It was one of the few moments during the tenure of the old Birmingham city council that there was no dissention. Everybody, including Mayor Bernard Kincaid, joined in to sing “God Bless America.”
The past several years haven’t been as harmonious. Some meetings have ended
with members storming out, names being called and even lawsuits being filed.
Of the nine councilors who sang last Tuesday, eight will be gone this
Tuesday. Only Lee Loder was re-elected. In a wave of anti-incumbency,
city voters overwhelmingly voted for change. Some voters don’t even care
who delivers it.
“I’m looking forward to something wonderful happening, yes,” said Gina Poole
from East Lake, who confessed she didn’t vote for a winner.
However, she is optimistic about whoever’s in.
“I would’ve looked forward to something if it would’ve been the same
council or a new one. I’m still looking for better things,” she said while
laughingly admitting that recent council meetings have been a circus in tone
and lack of cooperation.
“Yes it did. I hope that doesn’t happen with this new one. I hope
that doesn’t happen.”
Jonathon Ryer doesn’t find the city’s lack of growth funny at all. He
commutes to his downtown job from St. Clair County everyday. And he blames
the animosity between the mayor and council for economic stagnation. He
says he’s hopeful something can get done with a clean slate.
“It’s a start,” he said. “You can’t fix everything overnight. Time will tell.
And maybe they’ll make some changes and bring in some growth for Birmingham.”
But can there be a Tuesday morning council meeting where the mayor and
council members completely get along? The answer is no, says outgoing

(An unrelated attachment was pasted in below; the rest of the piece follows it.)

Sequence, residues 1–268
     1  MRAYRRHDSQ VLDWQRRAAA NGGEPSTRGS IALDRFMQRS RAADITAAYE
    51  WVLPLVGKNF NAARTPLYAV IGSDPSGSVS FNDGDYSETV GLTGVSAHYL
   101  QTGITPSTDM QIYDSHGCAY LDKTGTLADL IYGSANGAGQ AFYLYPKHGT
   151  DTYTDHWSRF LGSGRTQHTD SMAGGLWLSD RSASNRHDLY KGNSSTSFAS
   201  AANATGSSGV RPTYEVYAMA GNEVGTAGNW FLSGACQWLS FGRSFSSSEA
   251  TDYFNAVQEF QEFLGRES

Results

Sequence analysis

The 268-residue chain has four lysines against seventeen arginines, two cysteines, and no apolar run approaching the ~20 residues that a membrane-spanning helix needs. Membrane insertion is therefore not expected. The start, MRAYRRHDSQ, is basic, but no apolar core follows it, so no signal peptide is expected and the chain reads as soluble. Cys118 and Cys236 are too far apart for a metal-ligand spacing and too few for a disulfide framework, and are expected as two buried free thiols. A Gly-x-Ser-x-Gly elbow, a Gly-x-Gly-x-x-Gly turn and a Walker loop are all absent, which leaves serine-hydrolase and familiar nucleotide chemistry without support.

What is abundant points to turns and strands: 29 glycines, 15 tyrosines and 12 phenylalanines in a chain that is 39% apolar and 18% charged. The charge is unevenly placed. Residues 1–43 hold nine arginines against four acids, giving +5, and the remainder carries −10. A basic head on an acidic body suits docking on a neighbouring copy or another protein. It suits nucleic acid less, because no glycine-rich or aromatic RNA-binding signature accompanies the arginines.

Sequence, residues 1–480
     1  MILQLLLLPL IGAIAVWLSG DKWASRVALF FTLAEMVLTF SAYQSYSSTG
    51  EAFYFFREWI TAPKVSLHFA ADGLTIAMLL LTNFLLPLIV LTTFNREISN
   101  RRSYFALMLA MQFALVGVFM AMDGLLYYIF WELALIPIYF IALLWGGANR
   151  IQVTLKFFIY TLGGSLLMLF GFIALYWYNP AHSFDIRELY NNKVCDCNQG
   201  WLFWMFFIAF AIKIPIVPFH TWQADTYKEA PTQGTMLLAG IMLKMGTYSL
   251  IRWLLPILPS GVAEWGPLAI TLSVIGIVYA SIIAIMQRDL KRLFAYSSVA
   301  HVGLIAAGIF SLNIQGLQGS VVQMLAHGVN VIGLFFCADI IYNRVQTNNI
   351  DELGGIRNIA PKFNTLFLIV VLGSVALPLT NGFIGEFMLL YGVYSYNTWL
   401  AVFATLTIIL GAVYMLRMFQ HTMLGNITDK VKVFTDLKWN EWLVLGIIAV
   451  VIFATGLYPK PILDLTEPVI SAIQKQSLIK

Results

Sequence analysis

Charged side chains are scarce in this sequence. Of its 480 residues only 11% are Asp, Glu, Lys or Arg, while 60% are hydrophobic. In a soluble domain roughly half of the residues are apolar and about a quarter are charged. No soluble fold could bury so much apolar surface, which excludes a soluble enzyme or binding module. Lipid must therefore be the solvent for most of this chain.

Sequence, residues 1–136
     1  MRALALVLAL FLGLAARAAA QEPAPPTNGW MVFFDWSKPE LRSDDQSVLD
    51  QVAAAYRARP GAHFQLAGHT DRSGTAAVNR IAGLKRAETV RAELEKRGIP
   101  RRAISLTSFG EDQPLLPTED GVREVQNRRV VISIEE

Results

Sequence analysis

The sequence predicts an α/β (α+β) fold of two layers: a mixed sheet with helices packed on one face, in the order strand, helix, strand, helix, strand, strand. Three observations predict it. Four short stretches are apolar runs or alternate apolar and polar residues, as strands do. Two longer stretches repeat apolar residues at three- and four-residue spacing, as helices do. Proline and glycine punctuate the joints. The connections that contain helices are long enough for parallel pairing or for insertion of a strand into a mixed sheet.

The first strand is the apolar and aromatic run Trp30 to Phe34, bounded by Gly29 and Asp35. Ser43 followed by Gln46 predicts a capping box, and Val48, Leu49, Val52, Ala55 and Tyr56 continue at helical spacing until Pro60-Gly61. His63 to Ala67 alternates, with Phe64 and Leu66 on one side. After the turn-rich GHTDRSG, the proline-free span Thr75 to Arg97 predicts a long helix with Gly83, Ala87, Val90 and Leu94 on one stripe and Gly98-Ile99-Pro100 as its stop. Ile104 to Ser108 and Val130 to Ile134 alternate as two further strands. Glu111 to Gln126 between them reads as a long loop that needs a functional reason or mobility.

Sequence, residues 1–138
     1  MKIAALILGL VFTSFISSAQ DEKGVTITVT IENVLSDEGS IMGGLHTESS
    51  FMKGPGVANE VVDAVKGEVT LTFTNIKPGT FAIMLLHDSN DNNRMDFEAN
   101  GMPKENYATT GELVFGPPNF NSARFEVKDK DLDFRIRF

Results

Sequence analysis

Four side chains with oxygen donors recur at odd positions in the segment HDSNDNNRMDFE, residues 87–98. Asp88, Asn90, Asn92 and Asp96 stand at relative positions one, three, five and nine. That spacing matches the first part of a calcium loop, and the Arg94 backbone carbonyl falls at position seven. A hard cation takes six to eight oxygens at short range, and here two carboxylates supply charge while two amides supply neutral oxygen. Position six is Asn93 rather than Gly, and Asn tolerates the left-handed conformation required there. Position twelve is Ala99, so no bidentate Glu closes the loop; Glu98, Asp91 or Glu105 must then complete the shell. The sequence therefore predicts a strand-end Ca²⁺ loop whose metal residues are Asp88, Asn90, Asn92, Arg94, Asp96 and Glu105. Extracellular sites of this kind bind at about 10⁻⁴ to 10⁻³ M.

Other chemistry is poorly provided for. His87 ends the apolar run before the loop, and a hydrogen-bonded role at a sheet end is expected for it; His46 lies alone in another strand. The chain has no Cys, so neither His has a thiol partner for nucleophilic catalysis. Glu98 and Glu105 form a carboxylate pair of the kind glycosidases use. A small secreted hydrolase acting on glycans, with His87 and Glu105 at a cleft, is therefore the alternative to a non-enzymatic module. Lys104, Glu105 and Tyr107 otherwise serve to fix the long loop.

councilor Dr. Jimmy Blake. And he cites the mayor as the reason.
“The reality is, Bernard Kincaid has never been a team builder and I’ve
said publicly, if the mayor could pick nine people to be his council, he
would’ve insulted and alienated all nine of them within three weeks. And
that’s what concerns me,” he said.
Dr. Blake said Mayor Kincaid could’ve cemented relations with the old
council, had he improved his communication efforts with certain members
after being elected.
But the mayor says no one would come to his door.
“And the one thing that staff knows and anyone will tell you, that the one
thing I would drop everything to do would be to communicate with a council
person,” Mayor Kincaid said. I would cancel appointments, not go to lunch.
The few times a council person wanted to meet with me.”
Mayor Kincaid says he’s already met with the new council and is optimistic
about meeting and working with them and finding common ground on a number
“What’s different about the incoming council is at least we start with the
vehicle for communication. And communication, it seems to me, is what the
byproduct of the friendlier council is going to be,” he said.
But one new council member says it’s got to be a two-way street.
No one should be able to be exclusively in charge anymore. Former judge
and attorney Carole Smitherman defeated incumbent Pat Alexander in the
general election. She said it’s time for council members to get to work,
instead of getting political. “We can agree to disagree. There’s always
some way to get things done positively. And so I think that people are
saying. We want you to get together with the mayor…have your own opinion,
listen to his and then come to a conclusion,” she said.
And if anyone’s been practicing the power of communication and
accommodation, it’s district 7’s Bert Miller, who waits tables for a
He calls himself “the best waiter in Birmingham.”
Miller says he takes care of his customers and he’ll accommodate his
constituents and communicate with the mayor. Yeah. We gonna be alright.”
And his pet issues for improvement in the city? “Everything! I think I echo
my constituents also. We want to see everything change. If we didn’t want
to see everything change, we wouldn’t have ran (sic). And they made a
change and we’re going to work together to change everything. To the
Miller never stopped walking during the interview. He kept on moving with
the rest of his fellow council members. On a recent, breezy, Fall
afternoon, they were grabbing a quick lunch with Mayor Kincaid to better
acclimate themselves to all the new twists and turns of Birmingham politics
and City Hall.
In front of the towering granite building, leaves of all colors, which had
fallen to the ground, are being blown away by a cool breeze.
The seasons changed. But what about Tuesday mornings?